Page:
Building A House: The Walls
In America, we take for granted that we have solid walls in our homes that protect us from the sun, wind, rain, snow, and other elements along with intruders. We all have windows and doors in our homes that lock and keep us safe.
In Xenacoj, Guatemala, many of the homes are built with walls that are made of cornstalks woven together. There are no windows or closing/locking doors on homes with this wall type. If you are more wealthy, your home might be built with cinder blocks.
The home we built was built with wood framed walls and was covered with wood tongue and groove siding. This was definitely a rare form of construction for this neighborhood, but it will make all the difference for the family who received this house. Along with wooden walls to protect them from the elements, the house had three windows and a front door that closed and locked.
I had the pleasure of working with a couple of teams that installed the wooden siding on the houses. This was a fun project as we could rapidly see the house coming together through the efforts of our labor.
All the kids did a tremendous job throughout the entire project, so the story I’m about to share isn’t meant to slam their efforts or craftmanship. I simply share the story to help me remember a valuable truth that we learned while working on one side of the house.
The back wall of the house was twenty feet long which meant we needed to install a minimum of two pieces of siding for each row of siding that made its way up the side of the house. Before we started, a chalk line was used to mark the top of the first row of siding. I’m not sure if the chalk line wasn’t quite correct or if we just had trouble the first row. At any rate, a small unevenness in the first two pieces of siding made it a real challenge to complete the rest of the side of the house. As the team continued to install pieces of siding, it was obvious with each row that something wasn’t quite right. By the time we finished the side, we were able to make the necessary corrections to finish the side, but we learned some great lessons along the way.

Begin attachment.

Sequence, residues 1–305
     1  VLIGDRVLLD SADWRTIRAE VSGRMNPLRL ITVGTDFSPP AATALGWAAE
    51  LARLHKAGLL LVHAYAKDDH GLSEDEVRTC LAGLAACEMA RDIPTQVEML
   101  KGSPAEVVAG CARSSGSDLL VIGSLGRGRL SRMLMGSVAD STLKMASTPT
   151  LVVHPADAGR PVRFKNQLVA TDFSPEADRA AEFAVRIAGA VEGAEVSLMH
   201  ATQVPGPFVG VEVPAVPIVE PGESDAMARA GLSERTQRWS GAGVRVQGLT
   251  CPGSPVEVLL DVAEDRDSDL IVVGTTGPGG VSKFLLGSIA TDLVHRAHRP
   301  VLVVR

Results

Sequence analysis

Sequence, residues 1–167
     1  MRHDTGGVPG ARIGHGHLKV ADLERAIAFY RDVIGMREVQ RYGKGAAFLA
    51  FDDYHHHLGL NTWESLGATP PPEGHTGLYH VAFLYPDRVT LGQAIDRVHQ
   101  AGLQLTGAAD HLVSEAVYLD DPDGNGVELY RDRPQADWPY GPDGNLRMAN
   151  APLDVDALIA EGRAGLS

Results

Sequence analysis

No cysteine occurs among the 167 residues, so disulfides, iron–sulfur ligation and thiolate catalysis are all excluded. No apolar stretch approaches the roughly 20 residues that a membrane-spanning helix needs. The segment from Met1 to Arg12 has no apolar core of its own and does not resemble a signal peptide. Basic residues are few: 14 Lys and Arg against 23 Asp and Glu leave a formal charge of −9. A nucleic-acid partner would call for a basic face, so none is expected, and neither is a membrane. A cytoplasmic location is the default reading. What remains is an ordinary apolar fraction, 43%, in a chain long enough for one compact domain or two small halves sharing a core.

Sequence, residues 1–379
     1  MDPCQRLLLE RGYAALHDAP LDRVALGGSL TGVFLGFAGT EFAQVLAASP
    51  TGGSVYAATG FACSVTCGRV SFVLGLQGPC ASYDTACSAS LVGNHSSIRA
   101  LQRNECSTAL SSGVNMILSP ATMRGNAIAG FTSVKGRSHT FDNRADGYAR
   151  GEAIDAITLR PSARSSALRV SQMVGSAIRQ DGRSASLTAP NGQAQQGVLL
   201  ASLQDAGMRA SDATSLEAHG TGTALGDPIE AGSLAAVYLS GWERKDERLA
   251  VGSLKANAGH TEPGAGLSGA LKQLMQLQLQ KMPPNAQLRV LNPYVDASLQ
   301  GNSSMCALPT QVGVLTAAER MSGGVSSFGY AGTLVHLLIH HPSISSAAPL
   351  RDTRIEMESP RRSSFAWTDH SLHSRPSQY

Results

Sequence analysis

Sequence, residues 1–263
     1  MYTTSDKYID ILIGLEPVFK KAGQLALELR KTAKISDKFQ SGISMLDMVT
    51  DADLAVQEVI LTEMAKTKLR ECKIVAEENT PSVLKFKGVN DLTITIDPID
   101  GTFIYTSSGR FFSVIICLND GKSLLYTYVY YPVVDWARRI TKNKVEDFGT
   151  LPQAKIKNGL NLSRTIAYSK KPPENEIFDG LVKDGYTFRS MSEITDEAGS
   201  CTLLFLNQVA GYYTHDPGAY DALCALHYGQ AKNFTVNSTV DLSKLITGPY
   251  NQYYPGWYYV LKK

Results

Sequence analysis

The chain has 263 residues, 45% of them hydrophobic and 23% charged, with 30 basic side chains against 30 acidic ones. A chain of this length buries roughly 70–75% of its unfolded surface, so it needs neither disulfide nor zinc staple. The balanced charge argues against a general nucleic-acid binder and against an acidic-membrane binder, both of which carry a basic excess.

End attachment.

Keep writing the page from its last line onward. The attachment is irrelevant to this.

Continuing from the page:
First, we learned to measure twice and cut once. I don’t think we wasted many pieces, but there were a few times where we needed to make slight adjustments to cuts because a measurement wasn’t quite right.
Second, we learned that teamwork can have an amazing impact. Working together, I saw teams perform a task that they had never dreamed of completing before. As I stated before, these walls went up pretty quickly – especially when everything went right.
Third, it’s important to get started on the right foot. This is my best advice to anyone who is starting something new – like college, a new hobby, a home improvement project, a new job, and even a new year of school. Getting started well makes things a lot easier down the road. But we also shouldn’t lose hope if we got off on the wrong foot. It may take a lot more work and even some rework, but things can be fixed. It just isn’t the most efficient or effective way to get things done.
I’m so thankful for the lessons learned while building walls for the house!
What do you have coming up in your life that could benefit from a good start? What kind of walls do you have on your house?